The idea was that even faster transactions would make Litecoin more suitable for smaller payments than Bitcoin that had become expensive to transact with. SegWit would later be activated on the Bitcoin blockchain too.
The first ever Lightning Network transaction and atomic swap were also on Litecoin too. Lightning Network is a software upgrade that will allow small transactions to happen off the blockchain. Although less secure than on chain transactions, Lightning Network transactions will make blockchains suitable for small payments such as buying a cup of coffee.
Meanwhile, atomic swaps are a new way to swap one cryptocurrency for another that doesn’t rely on a centralized exchange. Atomic swaps are thought to reduce the need to use exchanges that are often hacked, causing users to lose their cryptocurrency.
These two upgrades will bring even more functionality to both Litecoin and eventually Bitcoin too.
Today, Lee sees Bitcoin and Litecoin as working together rather than against each other. Since the entire market cap of Litecoin is smaller than Bitcoin’s, there is less risk when trying out new software upgrades to Litecoin. In this way, Litecoin acts as something of a test network for its bigger, more established brother.
Litecoin Vs. Ethereum: Comparing Technologies
Litecoin and Ethereum are very different blockchain projects. As I’ve already stated, Litecoin is a payment system that is very much like Bitcoin but faster and cheaper.
Meanwhile, Ethereum is a decentralized computer system with its own programming language. This allows developers to create decentralized applications using smart contracts.
Both Litecoin and Ethereum have faster transaction times than Bitcoin. On the Litecoin network, new blocks are formed every 2.5 minutes. Ethereum has a much faster blockchain and new blocks are formed every 10 to 20 seconds.
Litecoin vs Ethereum: The Facts
The following chart is accurate as of March 20, 2018. Many of the below values change over time.
|Total Supply of Coins||Unclear||84,000,000|
|Current Available Supply||98,310,400||55,714,900|
|Average Transaction Cost||$0.21||$0.21|
|Average Block Time||10-20 Seconds||2.5 Minutes|
|Primary Use||Creating dApps||Payment and test network for Bitcoin|
|Founder||Vitalik Buterin||Charlie Lee|
Ethereum vs Litecoin: The Prices?
You’ve probably noticed a difference between Ethereum and Litecoin’s prices. This is because the total amount of money invested in each is different. Not only that, but the number of units of each currency is also different. The prices are worked out by taking the total money in the market (or market capitalization) and dividing it by the number of units that are currently available. This will result in a different price per unit.
Although the market cap of Ethereum is currently more than five times the size of Litecoin’s, the price is less than five times that of ETH. This is because there are many more Ether coins available than Litecoins.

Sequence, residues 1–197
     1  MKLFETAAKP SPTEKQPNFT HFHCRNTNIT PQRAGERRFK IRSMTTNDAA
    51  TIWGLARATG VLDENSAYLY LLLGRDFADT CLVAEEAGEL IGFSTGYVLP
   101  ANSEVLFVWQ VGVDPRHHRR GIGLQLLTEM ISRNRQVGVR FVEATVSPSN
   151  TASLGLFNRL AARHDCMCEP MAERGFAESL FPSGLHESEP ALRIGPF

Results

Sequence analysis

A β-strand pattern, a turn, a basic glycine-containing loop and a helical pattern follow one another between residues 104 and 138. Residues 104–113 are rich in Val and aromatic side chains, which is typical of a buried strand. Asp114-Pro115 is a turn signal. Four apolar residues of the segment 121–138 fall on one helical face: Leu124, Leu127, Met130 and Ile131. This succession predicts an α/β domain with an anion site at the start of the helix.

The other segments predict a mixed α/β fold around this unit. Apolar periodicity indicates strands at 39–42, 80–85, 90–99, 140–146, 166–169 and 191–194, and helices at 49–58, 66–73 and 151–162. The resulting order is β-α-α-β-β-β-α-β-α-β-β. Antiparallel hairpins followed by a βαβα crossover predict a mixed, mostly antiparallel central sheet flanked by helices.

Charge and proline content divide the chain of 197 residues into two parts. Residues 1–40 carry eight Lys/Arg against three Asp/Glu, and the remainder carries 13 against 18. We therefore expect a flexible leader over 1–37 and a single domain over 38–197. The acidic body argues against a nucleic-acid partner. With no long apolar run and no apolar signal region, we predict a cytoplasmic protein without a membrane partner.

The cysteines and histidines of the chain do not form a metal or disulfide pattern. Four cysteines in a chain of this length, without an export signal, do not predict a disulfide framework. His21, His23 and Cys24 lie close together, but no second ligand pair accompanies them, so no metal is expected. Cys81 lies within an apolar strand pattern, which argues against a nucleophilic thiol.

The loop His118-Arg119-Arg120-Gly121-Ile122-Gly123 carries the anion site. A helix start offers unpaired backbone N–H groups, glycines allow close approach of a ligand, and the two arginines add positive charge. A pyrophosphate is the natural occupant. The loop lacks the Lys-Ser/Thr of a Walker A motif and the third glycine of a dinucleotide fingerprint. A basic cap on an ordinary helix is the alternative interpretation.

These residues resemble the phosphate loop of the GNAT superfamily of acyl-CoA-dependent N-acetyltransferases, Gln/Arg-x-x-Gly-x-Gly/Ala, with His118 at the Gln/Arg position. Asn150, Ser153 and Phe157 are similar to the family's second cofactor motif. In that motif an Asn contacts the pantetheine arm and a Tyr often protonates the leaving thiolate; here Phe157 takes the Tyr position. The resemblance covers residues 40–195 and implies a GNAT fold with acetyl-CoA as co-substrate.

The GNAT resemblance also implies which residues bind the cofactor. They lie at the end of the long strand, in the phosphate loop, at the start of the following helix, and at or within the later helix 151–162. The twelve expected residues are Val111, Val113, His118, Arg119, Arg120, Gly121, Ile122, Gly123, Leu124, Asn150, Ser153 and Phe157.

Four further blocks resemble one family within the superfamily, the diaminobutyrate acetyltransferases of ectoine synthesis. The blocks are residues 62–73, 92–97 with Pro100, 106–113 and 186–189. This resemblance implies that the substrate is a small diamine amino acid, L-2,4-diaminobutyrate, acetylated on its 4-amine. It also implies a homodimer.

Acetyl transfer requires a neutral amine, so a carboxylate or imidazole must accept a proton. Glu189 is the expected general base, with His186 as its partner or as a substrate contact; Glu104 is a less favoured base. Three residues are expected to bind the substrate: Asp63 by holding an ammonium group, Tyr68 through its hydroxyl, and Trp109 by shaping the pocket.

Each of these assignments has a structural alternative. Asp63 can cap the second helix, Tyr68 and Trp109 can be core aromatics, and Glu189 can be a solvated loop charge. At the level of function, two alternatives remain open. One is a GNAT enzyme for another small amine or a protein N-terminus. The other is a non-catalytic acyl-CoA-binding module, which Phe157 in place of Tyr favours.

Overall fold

When looking at Coinmarketcap, or any other price comparison website, you will see the total money in the market is represented by the column “market cap”. I’ve highlighted Ethereum’s market cap in green and Litecoin’s in red below:
In the next picture, I’ve highlighted the current circulating supply. These figures will change over time as new coins are unlocked through mining.
Again, it’s green for Ethereum and red for Litecoin:
Ethereum vs Litecoin: For Payments?
Since it has a much faster block generation time, it seems like Ethereum is a faster means of payment than Litecoin. However, this isn’t always the case. Since Ethereum is a much more complicated system with many more transactions occurring per second, the network can get filled up more easily.
Take the example of CryptoKitties, a popular Ethereum-based trading game that appeared late in 2017. It was so popular that transactions of digital cats filled up all the space on the chain. As cute as they are, CryptoKitties wasn’t popular with people trying to make genuine payments or build dApps on the network!
Since the Litecoin blockchain only stores data about payments, users are much less likely to experience delays when making transactions. However, it will be slower than Ethereum if neither blockchain is being used heavily that day.
That said, it makes sense to use Litecoin for payments since Ethereum is being used to develop potentially world-changing applications. Keeping the network free for developers to experiment on is, therefore, a good idea.
Litecoin vs Ethereum: Conclusion
Well, that’s it for my Litecoin vs Ethereum guide!
Hopefully, you should now know a little bit more about two of the largest cryptocurrencies by market cap. You should understand the difference between Ethereum and Litecoin, know about the history of the two, and who created them both.
You should also know about the technical differences between the two cryptocurrencies. Finally, you should be able to make a choice between Litecoin or Ethereum when it comes to making payments.
If you’ve followed the whole guide, you should have concluded that there the two aren’t really in competition. Instead, they offer very different functions. For that reason, it’s better not to think of Litecoin vs Ethereum since they can both live side by side!
So, with your new-found knowledge, what do you think the future holds for Litecoin and Ethereum? Be sure to let me know!